All about bicycles, electric-assisted bikes, technology and safety in the press

The most common safety risks that we come across in our daily work around bicycle safety, technology and operating instructions are also published by us in articles in the leading German special-interest magazines TOUR (Europe's road bike magazine no. 1), BIKE (Europe's mountain bike magazine no. 1), MYBIKE and EMTB in order to make this information, which is important for the industry, available to a wider public.

For many years now, the Eurobike Show Daily, trade fair magazine of the annual Eurobike Show, has also given us the opportunity to publish our view of major developments in the cycle industry in full-page articles.

We also speak regularly in independent expert presentations about all areas of bicycle technology and the bicycle market. In addition, we are quoted by further special-interest magazines of the industry and the trade as well as increasingly by radio and television in their media reports, which shows us that we are spot on with our advice. The section "News" informs you about the latest news from our specialist areas. The reports and publications of this section are listed chronologically or according to areas of interest.

SAZbike 11/2022
Reading time 1:30 minutes

Safety plus for cargo bikes

The bicycle industry is developing heavier cargo bikes with new standards to be published soon. The consequences within the industry are controversial, but the uncontrolled growth in the branch calls for rules.

When the road is too steep, the load too heavy or the gear ratio too high, that's it; at some point you can't pedal any more. With a fully loaded cargo bike, even a hill start at traffic lights can become a problem. For this reason, the German Cycle Logistics Association (RLVD) sees a need for action. Chairman Tom Assmann states: “Modern cargo bikes for business and logistics as well as serial hybrid drives quickly reach their limits in hilly cities and on steep driveways, for example in underground car parks. There, a safe hill start must always be ensured for cargo bikes also when loaded. We need solutions for them.” He calls for more powerful motors than the 250 watts previously permitted on e-bikes. The problem: With more powerful motors, cargo bikes would lose their current legal status as bicycles and with it coveted privileges, such as their use without a driving licence, without number plates, without insurance, without helmets as well as the right to use cycle paths.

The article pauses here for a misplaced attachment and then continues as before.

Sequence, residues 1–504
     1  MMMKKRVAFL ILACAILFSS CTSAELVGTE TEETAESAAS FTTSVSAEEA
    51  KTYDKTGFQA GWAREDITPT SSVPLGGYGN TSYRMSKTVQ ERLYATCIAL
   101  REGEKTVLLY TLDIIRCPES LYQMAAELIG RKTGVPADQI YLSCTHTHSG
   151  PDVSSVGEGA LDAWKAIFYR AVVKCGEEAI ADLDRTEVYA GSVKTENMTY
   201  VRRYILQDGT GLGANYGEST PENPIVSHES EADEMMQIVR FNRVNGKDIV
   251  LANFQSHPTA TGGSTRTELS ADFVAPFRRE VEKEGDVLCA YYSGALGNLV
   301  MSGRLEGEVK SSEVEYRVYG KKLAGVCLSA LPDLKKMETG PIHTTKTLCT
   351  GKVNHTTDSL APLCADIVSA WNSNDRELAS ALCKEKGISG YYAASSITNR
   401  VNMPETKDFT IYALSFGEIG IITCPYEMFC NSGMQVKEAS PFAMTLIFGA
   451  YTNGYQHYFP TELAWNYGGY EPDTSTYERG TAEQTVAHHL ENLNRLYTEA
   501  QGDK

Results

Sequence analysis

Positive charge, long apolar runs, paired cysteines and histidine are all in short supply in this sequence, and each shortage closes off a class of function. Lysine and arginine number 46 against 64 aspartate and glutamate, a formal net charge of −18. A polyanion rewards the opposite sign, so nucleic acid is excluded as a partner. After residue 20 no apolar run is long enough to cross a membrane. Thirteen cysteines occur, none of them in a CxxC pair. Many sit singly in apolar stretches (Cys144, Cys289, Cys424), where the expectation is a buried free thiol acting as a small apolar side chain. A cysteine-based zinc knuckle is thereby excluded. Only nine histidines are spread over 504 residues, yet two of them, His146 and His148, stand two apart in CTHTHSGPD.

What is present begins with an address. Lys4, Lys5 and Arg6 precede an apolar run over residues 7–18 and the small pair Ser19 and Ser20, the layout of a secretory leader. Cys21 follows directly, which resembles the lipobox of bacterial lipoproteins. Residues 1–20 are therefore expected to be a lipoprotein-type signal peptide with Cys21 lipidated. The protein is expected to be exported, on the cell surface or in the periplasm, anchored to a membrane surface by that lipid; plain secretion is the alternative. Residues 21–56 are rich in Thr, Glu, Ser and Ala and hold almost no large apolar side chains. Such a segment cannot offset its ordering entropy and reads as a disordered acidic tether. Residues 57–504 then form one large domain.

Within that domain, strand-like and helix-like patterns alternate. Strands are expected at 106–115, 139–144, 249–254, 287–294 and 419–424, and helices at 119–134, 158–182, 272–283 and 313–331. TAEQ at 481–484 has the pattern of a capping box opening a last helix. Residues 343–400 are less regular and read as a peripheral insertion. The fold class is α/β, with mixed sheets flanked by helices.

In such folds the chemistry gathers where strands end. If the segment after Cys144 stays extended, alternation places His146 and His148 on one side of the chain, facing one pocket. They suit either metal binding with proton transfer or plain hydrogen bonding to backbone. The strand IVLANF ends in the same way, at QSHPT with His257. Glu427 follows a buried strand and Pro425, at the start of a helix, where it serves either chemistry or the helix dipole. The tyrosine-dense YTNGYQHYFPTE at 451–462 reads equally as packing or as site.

More powerful motors for 650-kg bikes

For this reason, Assmann looks for another solution: “As an association, we are open to a new, additional bicycle class for heavy duty cargo bikes with more motor power at the same speed. We consider 1,000 watts, as discussed at EU level, to be conceivable. Our aim is not to ride faster, but to ensure safe riding. The speed remains at 25 kilometres per hour. The current e-bike class for cargo bikes should remain.” The new vehicle class is a clever demand to push through the 1,000 watt motor because changing the e-bike standard would be difficult. E-bike manufacturers fear that the legal classification of e-bikes as bicycles, which is so crucial for sales, would then be at risk. A new category in the road traffic licensing regulations for heavy duty bikes avoids this possible discussion.

An e-bike must remain a bicycle

Within the industry, there is a heated discussion about cargo bikes with increasingly heavy loads. It’s about the legal status of e-bikes, i.e. the industry's cash cow. Some see a veritable Damocles axe of strife looming if all e-bikes became subject to stricter regulations due to cargo bike trouble. The consequences of type approval, driving licence, number plate and cycle path bans would be severe; many leading bicycle experts insist on utmost sensitivity.

The operational risk increases with the weight

Dirk Zedler, Managing Director of the Zedler test institute warned urgently against increasingly heavy cargo bikes as early as in March 2021: “A cargo bike with a total weight of more than 300 kg is no longer a bicycle to me.” Though parking large, heavy bikes on the pavement is legal, this may cause conflicts. “And for cargo bikes weighing up to 800 kg there is no place on the cycle path, because accidents with them are much more dangerous than with bicycles. It seems to me that it is only a matter of time until the so-called operational risk will be discussed by lawyers.” The operational risk increases with mass and speed. In this connection, cyclists are rated low, usually directly above the pedestrian. However, the heavier bicycles become, the higher the classification of our operational risk by the judiciary. “If things go really bad, we will no longer be classified as vulnerable road users, but as those who are dangerous. This would change jurisdiction to the detriment of cyclists. And there are powerful groups who would like to see the e-bike classified as a motor vehicle, such as insurers. And so would presumably also some car manufacturers”, fears Zedler.
Author: Tillman Lambert

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